[JURIST] The Louisiana Supreme Court [official website] Friday upheld the constitutionality [opinion, PDF] of two state laws extending the time limit for making insurance claims for damages suffered in Hurricanes Katrina [JURIST news archive] and Rita. The rulings allow homeowners, renters, drivers with auto insurance and nonfederal flood insurance policyholders to file as late as Sept. 1, 2007 in respect to Katrina and as late as Oct. 1, 2007 for Rita. The Supreme Court action was brought by the Louisiana Attorney General, seeking review of a lower court ruling that had taken the same position. State officials acknowledged that the process was unusual, but Attorney General Charles Foti [official website; press release on Friday's ruling] indicated that he wanted to resolve the matter definitively. The ten insurance companies named as defendants in the action argued unsuccessfully that the state laws retroactively altered the terms of existing contracts without the companies' consent, and that such a practice would have negative consequences for the insurance industry and ultimately the public.
For the court, Justice Chet Traylor wrote:
The Contract Clause of the United States Constitution provides that [n]o state shall ... pass any ... law impairing the Obligations of Contracts. United States Constitution Article I, Section 10. Similarly, the Contract Clause of the Louisiana Constitution states that [n]o bill of attainder, ex post facto law, or law impairing the obligation of contracts shall be enacted. La. Const. Art. 1, Section 23. This court has previously described these constitutional provisions as virtually identical and substantially equivalent. Morial, 2000-1132 p. 12, 785 So.2d at 13; Segura, 1993-Friday's ruling does not affect claims made under the National Flood Insurance Program. Last week a federal judge in Mississippi ruled that Nationwide Mutual Insurance Company was not obligated to cover a policyholder's claims for water damage [JURIST report] caused by Hurricane Katrina. AP has more.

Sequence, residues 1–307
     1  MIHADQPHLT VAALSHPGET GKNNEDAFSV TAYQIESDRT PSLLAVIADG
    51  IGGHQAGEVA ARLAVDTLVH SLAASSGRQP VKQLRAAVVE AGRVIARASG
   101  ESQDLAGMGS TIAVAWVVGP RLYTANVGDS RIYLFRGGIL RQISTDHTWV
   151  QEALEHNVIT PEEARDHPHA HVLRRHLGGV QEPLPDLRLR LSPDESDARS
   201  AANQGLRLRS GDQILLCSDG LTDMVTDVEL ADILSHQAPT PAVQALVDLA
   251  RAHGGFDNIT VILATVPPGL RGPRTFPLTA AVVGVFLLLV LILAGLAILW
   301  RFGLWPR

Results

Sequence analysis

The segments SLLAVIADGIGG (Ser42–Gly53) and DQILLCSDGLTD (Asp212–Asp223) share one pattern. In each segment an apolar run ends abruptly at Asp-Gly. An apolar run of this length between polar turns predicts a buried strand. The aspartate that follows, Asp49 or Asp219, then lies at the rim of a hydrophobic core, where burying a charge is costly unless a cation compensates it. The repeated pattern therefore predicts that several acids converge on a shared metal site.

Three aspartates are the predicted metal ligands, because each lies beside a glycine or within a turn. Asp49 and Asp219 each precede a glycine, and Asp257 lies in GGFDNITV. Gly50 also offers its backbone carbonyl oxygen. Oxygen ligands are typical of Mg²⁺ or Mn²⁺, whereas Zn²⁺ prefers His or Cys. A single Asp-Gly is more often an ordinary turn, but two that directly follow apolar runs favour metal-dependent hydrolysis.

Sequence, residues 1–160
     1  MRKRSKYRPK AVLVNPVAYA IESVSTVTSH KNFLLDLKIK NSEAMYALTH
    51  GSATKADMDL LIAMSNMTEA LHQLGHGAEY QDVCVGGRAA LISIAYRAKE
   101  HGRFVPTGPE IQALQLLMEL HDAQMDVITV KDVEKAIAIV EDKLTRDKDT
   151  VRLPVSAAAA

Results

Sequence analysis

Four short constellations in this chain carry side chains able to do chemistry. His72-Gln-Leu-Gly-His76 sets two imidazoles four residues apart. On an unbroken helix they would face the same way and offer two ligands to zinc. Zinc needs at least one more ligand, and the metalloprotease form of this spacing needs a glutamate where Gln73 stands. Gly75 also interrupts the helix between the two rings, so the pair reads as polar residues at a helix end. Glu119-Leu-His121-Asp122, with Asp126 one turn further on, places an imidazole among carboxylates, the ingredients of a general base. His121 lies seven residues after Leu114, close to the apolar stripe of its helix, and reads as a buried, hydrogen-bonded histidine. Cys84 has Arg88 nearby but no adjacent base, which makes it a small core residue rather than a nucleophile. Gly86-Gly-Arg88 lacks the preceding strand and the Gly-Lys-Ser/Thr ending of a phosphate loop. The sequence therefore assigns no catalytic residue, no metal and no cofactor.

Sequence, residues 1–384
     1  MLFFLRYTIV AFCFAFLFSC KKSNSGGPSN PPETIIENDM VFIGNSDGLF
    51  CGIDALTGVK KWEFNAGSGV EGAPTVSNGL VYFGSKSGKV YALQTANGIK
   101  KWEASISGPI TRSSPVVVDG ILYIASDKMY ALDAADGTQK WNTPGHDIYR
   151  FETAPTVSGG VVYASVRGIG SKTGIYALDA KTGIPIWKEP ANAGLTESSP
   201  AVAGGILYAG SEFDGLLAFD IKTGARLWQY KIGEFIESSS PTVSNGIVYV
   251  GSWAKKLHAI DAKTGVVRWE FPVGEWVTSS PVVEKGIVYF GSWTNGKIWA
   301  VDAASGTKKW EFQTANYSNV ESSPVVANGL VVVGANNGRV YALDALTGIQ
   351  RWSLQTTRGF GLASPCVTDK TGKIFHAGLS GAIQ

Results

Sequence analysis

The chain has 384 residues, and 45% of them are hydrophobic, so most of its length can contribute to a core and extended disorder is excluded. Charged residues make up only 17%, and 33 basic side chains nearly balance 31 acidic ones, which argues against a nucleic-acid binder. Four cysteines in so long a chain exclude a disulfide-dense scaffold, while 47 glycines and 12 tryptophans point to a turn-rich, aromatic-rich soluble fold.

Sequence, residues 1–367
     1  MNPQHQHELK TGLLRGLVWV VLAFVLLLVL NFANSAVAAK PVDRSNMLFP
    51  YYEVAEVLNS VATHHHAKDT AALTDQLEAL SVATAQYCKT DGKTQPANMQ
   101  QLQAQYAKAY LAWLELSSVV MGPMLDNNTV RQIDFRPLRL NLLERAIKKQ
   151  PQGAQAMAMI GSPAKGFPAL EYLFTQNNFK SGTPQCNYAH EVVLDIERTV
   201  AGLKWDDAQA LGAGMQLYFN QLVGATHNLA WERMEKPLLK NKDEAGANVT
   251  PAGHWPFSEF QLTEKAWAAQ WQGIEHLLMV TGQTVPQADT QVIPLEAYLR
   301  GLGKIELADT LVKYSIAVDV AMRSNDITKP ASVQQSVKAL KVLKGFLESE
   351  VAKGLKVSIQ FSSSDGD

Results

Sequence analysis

1271 p. 20, 630 So.2d at 728.
Although the language of these constitutional clauses appears unambiguously absolute, the Contract Clause does not operate to obliterate the police power of the States. Allied Structural Steel Co. v. Spannaus, 438 U.S. 234, 241, 98 S.Ct. 2716, 2721, 57 L.Ed.2d 727 (1978).It is the settled law of this court that the interdiction of statutes impairing the obligation of contracts does not prevent the State from exercising such powers as are vested in it for the promotion of the common weal, or are necessary for the general good of the public, though contracts previously entered into between individuals may thereby be affected. This power, which, in its various ramifications, is known as the police power, is an exercise of the sovereign right of the Government to protect the lives, health, morals, comfort and general welfare of the people, and is paramount to any rights under contracts between individuals.Allied Structural Steel, 438 U.S. at 241, 98 S.Ct. at 2721, quoting Manigault v. Springs, 199 U.S. 473, 480, 26 S.Ct. 127, 130, 50 L.Ed.2d 272 (1905). Thus, the prohibition contained in the Contract Clause must be accommodated to the inherent power of the state to safeguard the vital interests of its people. Energy Reserves Group, Inc. v. Kansas Power & Light Co., 459 U.S. 400, 410, 103 S.Ct. 697, 704, 74 L.Ed.2d 569 (1983) (internal citation omitted).